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News hardware & software 15 May 2021, 15:38

author: Arkadiusz Strzala

Brain Implant Enables Paralyzed Man to Write Using His Thoughts

A group of scientists has developed an early prototype of an implant that enables paralyzed people to write. The new method is much faster than current solutions. How many characters can be written in a minute this way?

  • A research team at HHMI is working on a neural interface capable of rapidly converting impulses into text;
  • Their BCI allows for thought-controlled writing at a rate of 90 characters per minute.

Neuralink is a major advance in understanding nerve impulses. However, Elon Musk isn't the only one working on reading human brain. Many teams of scientists are interested in this niche of bioengineering. Researchers at the Howard Hughes Medical Institute (HHMI), led by Professor Krishna V. Shenoy have discovered a way to significantly speed up writing for paralyzed people.

The researchers placed implants in the area of the brain that is responsible for communicating with muscles in the hand. They then asked the test patient, who was a 65-year-old man paralyzed from the neck down, to imagine that he took a pen in his hand and began to write. Thanks to electrodes with which the implants were equipped, the patterns of individual letters and several additional characters were recorded.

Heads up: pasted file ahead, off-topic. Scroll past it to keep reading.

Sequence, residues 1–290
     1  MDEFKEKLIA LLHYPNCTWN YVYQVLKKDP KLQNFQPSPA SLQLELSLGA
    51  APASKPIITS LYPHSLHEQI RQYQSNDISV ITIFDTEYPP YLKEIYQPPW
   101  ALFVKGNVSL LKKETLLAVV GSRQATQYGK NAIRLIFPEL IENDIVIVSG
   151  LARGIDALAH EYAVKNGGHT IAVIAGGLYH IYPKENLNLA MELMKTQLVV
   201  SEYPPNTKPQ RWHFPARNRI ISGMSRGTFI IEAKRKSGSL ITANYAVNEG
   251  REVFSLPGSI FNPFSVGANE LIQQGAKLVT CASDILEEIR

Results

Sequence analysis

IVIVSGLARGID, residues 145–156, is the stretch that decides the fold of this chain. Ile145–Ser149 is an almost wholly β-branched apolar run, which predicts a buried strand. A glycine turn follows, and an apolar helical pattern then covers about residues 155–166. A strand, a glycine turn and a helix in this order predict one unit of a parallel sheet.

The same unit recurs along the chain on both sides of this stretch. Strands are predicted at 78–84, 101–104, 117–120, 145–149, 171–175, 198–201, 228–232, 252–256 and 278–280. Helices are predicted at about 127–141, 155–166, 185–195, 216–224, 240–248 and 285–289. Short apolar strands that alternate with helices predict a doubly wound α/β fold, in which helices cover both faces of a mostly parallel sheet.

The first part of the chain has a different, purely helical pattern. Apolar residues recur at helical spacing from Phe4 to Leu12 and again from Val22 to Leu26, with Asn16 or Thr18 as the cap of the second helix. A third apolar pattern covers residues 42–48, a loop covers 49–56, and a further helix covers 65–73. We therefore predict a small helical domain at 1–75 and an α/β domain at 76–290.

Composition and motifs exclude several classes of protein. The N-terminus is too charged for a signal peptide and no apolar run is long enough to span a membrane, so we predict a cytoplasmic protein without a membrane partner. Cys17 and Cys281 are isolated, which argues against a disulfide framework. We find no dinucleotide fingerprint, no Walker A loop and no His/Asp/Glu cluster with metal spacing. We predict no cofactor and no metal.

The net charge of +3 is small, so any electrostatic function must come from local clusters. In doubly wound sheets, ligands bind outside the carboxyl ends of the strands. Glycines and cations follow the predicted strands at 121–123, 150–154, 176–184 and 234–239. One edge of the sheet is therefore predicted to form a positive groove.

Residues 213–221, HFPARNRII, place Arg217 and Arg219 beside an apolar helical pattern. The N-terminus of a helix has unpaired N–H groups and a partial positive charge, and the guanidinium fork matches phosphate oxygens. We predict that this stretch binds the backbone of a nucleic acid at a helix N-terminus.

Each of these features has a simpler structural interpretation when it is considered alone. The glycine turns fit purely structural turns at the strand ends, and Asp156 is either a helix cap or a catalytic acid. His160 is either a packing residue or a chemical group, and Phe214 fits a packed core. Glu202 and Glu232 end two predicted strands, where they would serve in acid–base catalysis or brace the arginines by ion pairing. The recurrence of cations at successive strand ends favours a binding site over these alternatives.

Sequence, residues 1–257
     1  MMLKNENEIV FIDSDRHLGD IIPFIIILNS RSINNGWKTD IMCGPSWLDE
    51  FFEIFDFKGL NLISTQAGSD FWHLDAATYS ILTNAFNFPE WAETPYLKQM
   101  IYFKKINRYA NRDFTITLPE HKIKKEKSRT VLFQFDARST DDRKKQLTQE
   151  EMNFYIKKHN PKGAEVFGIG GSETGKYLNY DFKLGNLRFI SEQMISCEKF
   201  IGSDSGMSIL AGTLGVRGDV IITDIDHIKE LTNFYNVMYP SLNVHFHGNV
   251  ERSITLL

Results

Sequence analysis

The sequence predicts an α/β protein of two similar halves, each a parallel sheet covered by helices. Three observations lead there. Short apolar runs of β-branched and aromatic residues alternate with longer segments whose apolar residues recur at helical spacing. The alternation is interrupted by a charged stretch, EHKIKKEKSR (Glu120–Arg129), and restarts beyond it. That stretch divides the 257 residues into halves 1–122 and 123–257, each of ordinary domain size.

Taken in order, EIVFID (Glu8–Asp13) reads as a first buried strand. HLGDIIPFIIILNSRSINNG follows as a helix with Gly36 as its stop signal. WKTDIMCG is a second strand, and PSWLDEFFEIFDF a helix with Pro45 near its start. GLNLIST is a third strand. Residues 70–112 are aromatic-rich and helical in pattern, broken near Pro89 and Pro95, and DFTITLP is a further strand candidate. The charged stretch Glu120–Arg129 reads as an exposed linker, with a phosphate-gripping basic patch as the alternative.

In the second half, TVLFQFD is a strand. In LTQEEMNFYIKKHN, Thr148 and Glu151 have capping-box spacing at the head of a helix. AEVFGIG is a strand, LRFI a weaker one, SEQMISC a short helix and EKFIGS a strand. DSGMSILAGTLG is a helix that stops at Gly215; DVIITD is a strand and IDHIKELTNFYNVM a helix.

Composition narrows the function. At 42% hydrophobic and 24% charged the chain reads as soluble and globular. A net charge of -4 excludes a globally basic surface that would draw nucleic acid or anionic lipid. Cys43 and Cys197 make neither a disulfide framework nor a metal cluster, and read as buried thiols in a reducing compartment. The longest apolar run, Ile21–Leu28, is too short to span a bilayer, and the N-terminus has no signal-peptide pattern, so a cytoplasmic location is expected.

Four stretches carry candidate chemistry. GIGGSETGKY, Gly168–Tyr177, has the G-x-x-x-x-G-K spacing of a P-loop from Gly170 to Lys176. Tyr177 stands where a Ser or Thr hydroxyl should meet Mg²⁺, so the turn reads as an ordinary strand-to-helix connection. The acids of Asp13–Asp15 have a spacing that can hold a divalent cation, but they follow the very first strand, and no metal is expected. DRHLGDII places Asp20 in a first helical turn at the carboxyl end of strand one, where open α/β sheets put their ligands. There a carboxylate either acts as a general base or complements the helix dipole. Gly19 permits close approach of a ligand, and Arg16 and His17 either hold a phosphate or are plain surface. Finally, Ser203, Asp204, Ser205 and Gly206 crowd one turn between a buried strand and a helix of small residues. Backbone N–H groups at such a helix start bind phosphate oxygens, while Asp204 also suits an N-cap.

In this way, the device called BCI (Brain-Computer Interface) was created, which is currently in the early prototype phase. It is based on almost 200 electrodes placed in the premotor cortex of the brain, thanks to which it is able to read patterns of neuron activity and, using AI-based neural networks, interpret them as letters displayed on a computer screen. The BCI can achieve a typing speed of up to 90 characters per minute which is much faster than the systems used so far (e.g. eyeball-controlled cursor and on-screen keyboard).

Brain Implant Enables Paralyzed Man to Write Using His Thoughts - picture #1
Schematic of the interface the researchers are working on. Source: HHMI

Reliability of character interpretation is currently 95%, and up to 99% with smartphone text correction. Of course, there are also some drawbacks. The device requires weekly calibration due to neuronal changes and the build-up of scar tissue around the implants. At this stage, the BCI cannot recognize capital letters and punctuation marks.

Only one person has participated in the tests so far, and a specific set of words was used. With free writing, character input speed (up to 75/min) and reliability (98%) are slightly lower. It remains to be seen how the BCI will perform in collaboration with other people. There is still a lot of work ahead of the research team, including tests on a larger group of patients. A new interface is a chance for paralyzed people to easily communicate with the world.

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